ISI has won funding to produce a fluorescent imaging device that could provide a solution to dwindling stocks of PPE by determining contamination levels on used equipment and wearables after they have been through simple cleaning processes. This will enable the PPE and equipment to be assessed to determine how often PPE needs replacing, reducing unnecessary waste. The funding is part of the Government’s Fast Start competition with the successful projects being overseen by Innovate UK, part of UK Research and Innovation.

A major issue occurring during the COVID-19 pandemic is a global shortage in Personal Protection Equipment (PPE). This has mostly been due to the sudden onset and rapid progression to pandemic status, coupled with a supply chain prepared to accommodate the requirements for industry and healthcare, rather than mass public panic buying. There are several solutions to this global shortage going forwards; increase the supply chain, but this must be sustainable, produce different products for the mass market, or, make better use of the available PPE, either through re-use or better understanding of how often PPE needs replacing. The latter also helps combat another global threat, climate change, by reducing waste and encouraging increased re-use.

Whilst front line healthcare professionals clearly require appropriate PPE to ensure their own and their patient’s safety, accurately assessing the state of certain PPE could make a substantial difference to the availability as a whole. Whilst close contact PPE, such as gloves, must obviously be changed with extreme regularity, the guidance is less proscribed for other forms of PPE, such as face shields or reusable respirators. Here the advice is clear but only qualitative (e.g. damaged, soiled, difficult to use). If the state of in-use PPE could be assessed quickly and reliably, waste could be reduced and contamination further minimised. Current Centers for Disease Control guidelines state it is preferable to use PPE beyond its lifetime rather than go without. Similarly, simple cleaning procedures may be sufficient to allow continued use of PPE that would previously have been discarded.

Dr Jonathon Storey, Director at IS-Instruments said: “Winning funding under the “Business-led innovation in response to global disruption” call had a particular significance for me and was cause for a celebration in the household. About the time the call came out we found out my uncle had been admitted to hospital with COVID-19 and sadly died a week later. The feeling of impotence was extreme, especially as I live over 200 miles away. Whilst the call was not specifically aimed at mitigating COVID-19, I wanted to use our capability to assist with this and future, pandemics. Writing the application helped me to deal with the frustrations of being unable to help or even say goodbye. Our device will look for a fluorescent response of the virus and other contamination on hard surfaces, such as PPE, with a system that could be deployed in a healthcare setting. This should give an indication of whether a piece of PPE, like a face shield, is safe to use. Whilst this won’t bring my uncle back, I hope it could help save other lives in the future.”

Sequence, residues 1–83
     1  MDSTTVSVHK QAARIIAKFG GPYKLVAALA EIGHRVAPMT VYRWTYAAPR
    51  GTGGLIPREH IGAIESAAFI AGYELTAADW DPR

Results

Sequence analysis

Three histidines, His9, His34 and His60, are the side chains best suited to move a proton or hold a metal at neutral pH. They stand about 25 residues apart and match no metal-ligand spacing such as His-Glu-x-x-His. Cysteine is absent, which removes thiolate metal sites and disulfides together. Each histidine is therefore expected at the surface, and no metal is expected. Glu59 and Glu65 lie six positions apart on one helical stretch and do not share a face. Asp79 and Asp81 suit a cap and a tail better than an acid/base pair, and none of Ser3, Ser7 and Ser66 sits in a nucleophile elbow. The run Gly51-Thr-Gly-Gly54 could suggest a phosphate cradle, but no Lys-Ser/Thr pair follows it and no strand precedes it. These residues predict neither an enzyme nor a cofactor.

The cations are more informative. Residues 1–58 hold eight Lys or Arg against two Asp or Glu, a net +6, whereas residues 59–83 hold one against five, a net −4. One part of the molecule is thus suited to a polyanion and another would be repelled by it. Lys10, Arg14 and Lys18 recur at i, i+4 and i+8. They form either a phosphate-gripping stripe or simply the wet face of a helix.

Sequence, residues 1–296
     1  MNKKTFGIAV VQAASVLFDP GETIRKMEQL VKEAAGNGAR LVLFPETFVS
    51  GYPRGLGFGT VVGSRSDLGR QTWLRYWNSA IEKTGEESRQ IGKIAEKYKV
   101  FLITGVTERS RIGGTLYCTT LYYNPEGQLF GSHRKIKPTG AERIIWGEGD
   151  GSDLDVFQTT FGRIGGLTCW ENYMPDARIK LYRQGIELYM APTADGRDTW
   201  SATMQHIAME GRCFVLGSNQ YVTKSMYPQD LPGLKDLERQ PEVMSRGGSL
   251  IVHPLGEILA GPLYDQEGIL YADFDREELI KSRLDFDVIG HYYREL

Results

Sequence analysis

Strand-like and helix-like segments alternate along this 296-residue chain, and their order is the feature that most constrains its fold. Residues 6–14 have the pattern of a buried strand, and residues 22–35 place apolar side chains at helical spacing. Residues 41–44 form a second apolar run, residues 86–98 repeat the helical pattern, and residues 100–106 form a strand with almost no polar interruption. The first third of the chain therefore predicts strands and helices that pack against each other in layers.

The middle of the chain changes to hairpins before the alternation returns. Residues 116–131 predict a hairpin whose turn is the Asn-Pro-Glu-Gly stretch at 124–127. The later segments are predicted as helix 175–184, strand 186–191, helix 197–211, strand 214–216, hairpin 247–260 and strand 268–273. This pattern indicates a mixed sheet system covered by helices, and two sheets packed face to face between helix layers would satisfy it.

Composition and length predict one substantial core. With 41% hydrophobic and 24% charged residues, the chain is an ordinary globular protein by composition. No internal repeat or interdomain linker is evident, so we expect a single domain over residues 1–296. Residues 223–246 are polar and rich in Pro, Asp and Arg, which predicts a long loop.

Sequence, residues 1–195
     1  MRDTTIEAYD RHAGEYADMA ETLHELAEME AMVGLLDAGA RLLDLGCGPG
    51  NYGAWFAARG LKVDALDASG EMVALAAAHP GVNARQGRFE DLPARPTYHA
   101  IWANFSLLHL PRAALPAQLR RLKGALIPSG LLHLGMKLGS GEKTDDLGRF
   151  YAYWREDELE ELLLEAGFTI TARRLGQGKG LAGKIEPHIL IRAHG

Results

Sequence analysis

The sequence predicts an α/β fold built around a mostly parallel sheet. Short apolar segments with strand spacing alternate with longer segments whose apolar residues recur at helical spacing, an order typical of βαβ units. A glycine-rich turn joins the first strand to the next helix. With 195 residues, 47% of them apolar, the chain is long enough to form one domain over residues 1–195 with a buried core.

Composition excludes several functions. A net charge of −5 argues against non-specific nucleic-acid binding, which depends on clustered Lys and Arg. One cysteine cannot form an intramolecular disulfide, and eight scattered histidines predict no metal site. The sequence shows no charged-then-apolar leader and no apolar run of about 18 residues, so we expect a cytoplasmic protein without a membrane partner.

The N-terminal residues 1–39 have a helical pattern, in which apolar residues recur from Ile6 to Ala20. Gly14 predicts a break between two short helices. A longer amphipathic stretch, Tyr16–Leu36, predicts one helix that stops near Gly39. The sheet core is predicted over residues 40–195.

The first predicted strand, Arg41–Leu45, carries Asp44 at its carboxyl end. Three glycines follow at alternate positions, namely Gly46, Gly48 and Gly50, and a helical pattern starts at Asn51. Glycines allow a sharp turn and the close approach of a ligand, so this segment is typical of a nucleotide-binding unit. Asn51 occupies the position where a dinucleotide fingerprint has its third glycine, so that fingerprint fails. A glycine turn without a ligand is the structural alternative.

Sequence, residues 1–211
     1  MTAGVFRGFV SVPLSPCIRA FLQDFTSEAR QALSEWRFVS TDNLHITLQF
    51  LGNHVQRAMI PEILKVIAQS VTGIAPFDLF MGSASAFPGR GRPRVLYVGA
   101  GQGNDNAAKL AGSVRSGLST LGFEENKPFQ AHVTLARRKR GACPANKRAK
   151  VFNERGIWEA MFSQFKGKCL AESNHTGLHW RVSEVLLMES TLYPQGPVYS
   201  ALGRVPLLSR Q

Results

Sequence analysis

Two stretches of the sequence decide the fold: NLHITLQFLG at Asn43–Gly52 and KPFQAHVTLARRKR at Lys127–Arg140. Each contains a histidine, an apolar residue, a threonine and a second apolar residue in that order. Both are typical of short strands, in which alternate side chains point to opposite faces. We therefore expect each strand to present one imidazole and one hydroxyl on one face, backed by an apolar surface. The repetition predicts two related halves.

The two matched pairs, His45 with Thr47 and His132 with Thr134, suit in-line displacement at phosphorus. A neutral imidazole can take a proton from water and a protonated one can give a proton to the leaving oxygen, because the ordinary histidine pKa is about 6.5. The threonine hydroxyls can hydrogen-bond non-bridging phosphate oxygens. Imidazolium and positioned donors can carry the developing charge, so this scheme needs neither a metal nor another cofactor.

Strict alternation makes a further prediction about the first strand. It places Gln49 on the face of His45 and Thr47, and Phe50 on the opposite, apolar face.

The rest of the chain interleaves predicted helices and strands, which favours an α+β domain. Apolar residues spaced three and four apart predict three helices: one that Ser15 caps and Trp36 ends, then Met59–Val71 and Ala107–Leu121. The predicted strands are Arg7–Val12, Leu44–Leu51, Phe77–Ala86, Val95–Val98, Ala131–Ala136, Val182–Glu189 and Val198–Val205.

ISI will assess the feasibility of producing a simple device based on fluorescent imaging to measure the state of in-use PPE and PPE after simple cleaning processes that could be carried out in a healthcare setting. It is likely the same technology could be used to assess the cleanliness of in-situ equipment/facilities after decontamination (e.g. monitors, beds). This device could also have applications in the food production industry to ensure that food preparation areas and packaging produces no onward contamination through the food supply chain.

Dr Michael Foster, Director, IS-Instruments, commented: “Most PPE is made from plastic and COVID-19’s global nature has meant a significant rise in plastic pollution with significant environmental impact. An option to limit that waste is to clean PPE where possible allowing for reuse, however, this option is often met with suspicion. Having a reliable, portable system capable of comprehensively checking PPE and equipment and confirming it’s clean would enable it to be reused. It’s a sustainable option that doesn’t compromise the safety of healthcare professionals on the front line. Being able to determine the efficacy of cleaning procedures available in a healthcare scenario in relation to PPE and equipment has the potential to save time, resources and most importantly, lives.

Our system could also be used to track how the virus is physically transferred from one area to another. This could be computer modelled to help with containing future outbreaks by the development of targeted strategies to mitigate the transfer of the disease.”